What’s the alternative? Get real! Unless you are Walmart, you need to return to earth and start on a smaller scale. Here are a few ideas that have worked for some of my clients. In order to make money, you need to have a realistic price point that includes a reasonable cost for materials and labor.
Here’s how to figure that out:
- How much can you reasonably get all the materials you will need to make your item? This will be your Materials Cost
- Getting your pattern and prototype made will run about $150 for the pattern and $150 for the prototype AND UP if your garment is complicated. This is part of your Research & Development Cost and a critical part of the process, if this is not done correctly it will be down hill from here.
- Once the first pattern and prototype (usually in a muslin or other cheap fabric that behaves similar to the fabrics you’d like to use in your final garment) have been made you should have an estimate on how long it will take to cut and sew your garment and an initial sample of what you’d like to make.
- Now is the time to review your design, fit it to your “fit model” and proceed in refining your design as many times as necessary, to meet with your final approval.
- Once you’ve got everything perfectly the way you want it, the next step is to create a designer sample in your final, more expensive fabrics. Whoever is sewing your samples, should be able to provide a retail quality skill level (no sewing mistakes) AND have the right equipment (which can be very expensive). This is important because your samples could eventually end up being photographed, used for marketing, fashion shows and even sold to clients directly.
- Take your sample garment, hire a model and a photographer (or just do it yourself!) and create some professional looking images of your garment. You can post these images to Facebook, Twitter, Etsy, Instagram, Pintrest and other social media sites and ask people if they would buy this item. You can even start taking orders with a realistic turn around time (4-6 weeks on Etsy). You can also set up trunk shows at local boutiques and shop it around to some retailer to see if they’d be interested in placing an order.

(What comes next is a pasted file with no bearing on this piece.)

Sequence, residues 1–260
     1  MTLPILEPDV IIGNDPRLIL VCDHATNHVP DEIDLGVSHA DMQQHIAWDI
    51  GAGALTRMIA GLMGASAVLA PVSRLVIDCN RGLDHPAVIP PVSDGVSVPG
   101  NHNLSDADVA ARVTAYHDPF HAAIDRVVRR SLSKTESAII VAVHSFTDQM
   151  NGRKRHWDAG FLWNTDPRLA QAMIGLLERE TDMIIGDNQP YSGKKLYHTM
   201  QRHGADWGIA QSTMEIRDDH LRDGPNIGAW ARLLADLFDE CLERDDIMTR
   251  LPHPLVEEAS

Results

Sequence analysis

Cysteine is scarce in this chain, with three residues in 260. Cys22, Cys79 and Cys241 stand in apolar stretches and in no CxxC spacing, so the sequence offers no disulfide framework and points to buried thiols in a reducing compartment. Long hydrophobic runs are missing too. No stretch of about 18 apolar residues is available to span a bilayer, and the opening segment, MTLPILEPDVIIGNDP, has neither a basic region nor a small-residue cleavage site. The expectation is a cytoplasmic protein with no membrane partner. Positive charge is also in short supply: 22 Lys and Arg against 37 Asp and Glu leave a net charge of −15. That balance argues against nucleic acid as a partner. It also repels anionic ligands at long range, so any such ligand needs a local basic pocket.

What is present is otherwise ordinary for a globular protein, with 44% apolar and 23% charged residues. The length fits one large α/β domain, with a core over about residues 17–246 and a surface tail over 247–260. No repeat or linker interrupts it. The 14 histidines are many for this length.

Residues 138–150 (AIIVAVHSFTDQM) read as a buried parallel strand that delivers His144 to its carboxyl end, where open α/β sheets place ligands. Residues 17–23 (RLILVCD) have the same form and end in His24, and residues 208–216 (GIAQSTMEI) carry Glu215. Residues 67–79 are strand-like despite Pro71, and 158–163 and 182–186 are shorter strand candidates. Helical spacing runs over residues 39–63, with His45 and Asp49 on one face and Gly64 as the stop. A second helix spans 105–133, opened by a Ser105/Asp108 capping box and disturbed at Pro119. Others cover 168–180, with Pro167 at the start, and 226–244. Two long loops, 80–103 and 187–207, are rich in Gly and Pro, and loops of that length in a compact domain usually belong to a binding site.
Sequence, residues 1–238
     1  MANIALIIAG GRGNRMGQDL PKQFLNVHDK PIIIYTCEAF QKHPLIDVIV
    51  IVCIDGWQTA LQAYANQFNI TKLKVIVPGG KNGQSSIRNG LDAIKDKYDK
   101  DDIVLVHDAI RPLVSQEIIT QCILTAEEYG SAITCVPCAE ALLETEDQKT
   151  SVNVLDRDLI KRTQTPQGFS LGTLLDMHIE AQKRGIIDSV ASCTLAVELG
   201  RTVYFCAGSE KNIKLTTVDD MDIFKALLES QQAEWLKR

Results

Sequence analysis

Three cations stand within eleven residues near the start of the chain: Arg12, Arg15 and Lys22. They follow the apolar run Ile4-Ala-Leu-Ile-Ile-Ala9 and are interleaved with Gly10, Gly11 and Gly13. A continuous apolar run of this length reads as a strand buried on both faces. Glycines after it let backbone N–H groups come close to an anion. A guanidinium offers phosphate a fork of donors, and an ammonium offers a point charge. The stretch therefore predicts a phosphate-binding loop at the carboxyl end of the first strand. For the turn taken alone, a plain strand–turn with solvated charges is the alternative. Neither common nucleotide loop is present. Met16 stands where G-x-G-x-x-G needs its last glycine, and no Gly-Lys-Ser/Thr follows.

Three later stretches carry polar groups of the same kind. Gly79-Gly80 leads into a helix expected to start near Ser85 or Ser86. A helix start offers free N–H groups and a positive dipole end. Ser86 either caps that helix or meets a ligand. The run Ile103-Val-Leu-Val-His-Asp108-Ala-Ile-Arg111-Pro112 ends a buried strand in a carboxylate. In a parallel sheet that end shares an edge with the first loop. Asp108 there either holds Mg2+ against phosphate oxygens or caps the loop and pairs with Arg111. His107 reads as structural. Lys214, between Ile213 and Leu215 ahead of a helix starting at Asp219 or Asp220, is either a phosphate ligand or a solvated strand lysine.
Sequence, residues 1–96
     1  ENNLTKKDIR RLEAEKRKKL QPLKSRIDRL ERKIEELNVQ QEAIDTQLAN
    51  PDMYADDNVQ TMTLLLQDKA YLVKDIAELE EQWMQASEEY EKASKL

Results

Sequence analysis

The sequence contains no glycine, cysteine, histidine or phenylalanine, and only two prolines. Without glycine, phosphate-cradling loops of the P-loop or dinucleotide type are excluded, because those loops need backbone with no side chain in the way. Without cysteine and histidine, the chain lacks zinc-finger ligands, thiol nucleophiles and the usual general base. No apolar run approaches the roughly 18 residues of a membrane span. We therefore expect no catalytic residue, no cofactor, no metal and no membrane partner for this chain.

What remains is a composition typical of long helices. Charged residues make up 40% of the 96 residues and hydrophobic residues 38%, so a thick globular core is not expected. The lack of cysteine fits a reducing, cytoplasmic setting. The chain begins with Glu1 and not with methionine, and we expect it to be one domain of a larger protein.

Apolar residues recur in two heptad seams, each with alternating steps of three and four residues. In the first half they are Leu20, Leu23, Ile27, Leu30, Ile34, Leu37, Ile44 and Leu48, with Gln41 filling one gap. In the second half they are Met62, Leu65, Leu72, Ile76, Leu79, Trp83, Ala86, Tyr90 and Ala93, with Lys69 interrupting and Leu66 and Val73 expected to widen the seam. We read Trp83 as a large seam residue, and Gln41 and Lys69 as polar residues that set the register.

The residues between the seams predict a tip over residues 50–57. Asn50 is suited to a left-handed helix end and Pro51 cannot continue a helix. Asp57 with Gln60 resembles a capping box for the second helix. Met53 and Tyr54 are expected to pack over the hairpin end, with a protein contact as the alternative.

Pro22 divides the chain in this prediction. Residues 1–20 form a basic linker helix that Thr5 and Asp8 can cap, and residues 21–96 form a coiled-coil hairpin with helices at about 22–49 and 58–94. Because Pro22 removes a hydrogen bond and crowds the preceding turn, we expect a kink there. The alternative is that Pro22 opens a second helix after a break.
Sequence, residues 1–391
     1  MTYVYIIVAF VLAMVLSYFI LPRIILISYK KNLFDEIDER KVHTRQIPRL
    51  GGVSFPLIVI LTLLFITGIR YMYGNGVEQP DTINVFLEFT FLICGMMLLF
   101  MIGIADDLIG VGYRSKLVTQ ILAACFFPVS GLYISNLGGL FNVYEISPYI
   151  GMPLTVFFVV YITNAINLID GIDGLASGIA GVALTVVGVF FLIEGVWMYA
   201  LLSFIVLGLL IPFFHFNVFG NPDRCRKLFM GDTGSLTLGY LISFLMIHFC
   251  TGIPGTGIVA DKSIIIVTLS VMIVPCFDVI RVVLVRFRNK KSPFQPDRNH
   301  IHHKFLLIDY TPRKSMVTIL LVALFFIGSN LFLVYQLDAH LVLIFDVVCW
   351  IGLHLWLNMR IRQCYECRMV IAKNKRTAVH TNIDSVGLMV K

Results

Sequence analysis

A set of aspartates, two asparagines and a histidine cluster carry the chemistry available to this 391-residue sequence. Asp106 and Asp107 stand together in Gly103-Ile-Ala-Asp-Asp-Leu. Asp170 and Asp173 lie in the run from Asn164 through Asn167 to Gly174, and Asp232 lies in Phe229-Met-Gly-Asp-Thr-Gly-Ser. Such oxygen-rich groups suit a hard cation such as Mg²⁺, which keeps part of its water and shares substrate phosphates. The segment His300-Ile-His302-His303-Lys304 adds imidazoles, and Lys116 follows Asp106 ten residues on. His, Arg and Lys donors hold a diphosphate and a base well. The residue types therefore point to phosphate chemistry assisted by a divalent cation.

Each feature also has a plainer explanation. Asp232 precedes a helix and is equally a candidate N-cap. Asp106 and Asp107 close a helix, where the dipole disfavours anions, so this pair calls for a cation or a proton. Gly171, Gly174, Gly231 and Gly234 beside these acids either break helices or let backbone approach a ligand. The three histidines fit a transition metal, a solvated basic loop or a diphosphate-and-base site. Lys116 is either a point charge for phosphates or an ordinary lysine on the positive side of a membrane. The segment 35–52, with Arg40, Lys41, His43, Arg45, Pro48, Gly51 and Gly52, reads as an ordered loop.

- After you have test marketed you item you can start to prepare to produce them as needed using a local seamstress or short run production house at a fair wage, which in the US, is going to run about $10+ for a skilled seamstress with good equipment.
- You can launch an entire collection this way by starting small.
Once you have some orders flowing in, have created a following and your local seamstress or short run production house becomes too busy to handle your orders, here is a great way to get factory quality and quantity at a fair and ethical price…
Fashion Hope is an international organization, founded by a friend of mine, Marc Palmer.
- Introduce you to funding sources and their audience, which could help you FUND your fashion line ethically with certified fair wage production, worldwide
- Assist you in creating a documentary of your fashion story and mission for reasonable fees contact firstname.lastname@example.org regarding the cost.
- Assist Designers with a strong media following and other outside funding to coordinate a trip to a country where they have rescued women from unethical, human trafficking situations and converted them into a fair wage working environments
- Through Fashion Hope, you will get to work hands on with their fashion production experts to ensure your project is in good hands and experience the people and community where your garments will be produced
- You can join the growing list of ethical designers and promote your line as being both fair wage and ethical in its production practices, which are huge selling points
- Be Introduced to the coordinators of annual fashion week events any where in the world, get discounts or FREE benefits once you have an established Brand
- Become part of the “IN CROWD” who can give a confidant answer about where and how your garments are being made
To learn more about Fashion Hope and become a part of the growing movement to produce Fashion ethically, you can find Marc Palmer’s Fashion Hope page at Fashion Hope on Facebook or email Marc@FashionHope.org
I am on a mission to create an Orlando Fashion District, if you would like to become part of this movement, please like my Facebook Page for all of the latest info and share your local favorites!!
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Check out some of my fashion client and film work at House of Vincenza
Gina Vincenza Van Epps is aka Psycho Seamstress
A List Wardrobe Seamstress, Designer and Costume Fabrication Specialist, Key Wardrobe